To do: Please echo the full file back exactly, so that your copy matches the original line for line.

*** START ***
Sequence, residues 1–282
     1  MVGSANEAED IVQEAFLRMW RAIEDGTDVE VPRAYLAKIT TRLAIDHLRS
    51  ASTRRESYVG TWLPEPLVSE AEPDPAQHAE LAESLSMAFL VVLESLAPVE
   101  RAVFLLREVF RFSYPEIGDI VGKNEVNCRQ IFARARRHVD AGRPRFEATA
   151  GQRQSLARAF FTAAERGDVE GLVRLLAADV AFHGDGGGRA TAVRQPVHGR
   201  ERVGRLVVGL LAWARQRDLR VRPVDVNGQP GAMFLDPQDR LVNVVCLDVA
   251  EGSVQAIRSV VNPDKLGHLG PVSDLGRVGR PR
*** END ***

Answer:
Sequence, residues 1–282
     1  MVGSANEAED IVQEAFLRMW RAIEDGTDVE VPRAYLAKIT TRLAIDHLRS
    51  ASTRRESYVG TWLPEPLVSE AEPDPAQHAE LAESLSMAFL VVLESLAPVE
   101  RAVFLLREVF RFSYPEIGDI VGKNEVNCRQ IFARARRHVD AGRPRFEATA
   151  GQRQSLARAF FTAAERGDVE GLVRLLAADV AFHGDGGGRA TAVRQPVHGR
   201  ERVGRLVVGL LAWARQRDLR VRPVDVNGQP GAMFLDPQDR LVNVVCLDVA
   251  EGSVQAIRSV VNPDKLGHLG PVSDLGRVGR PR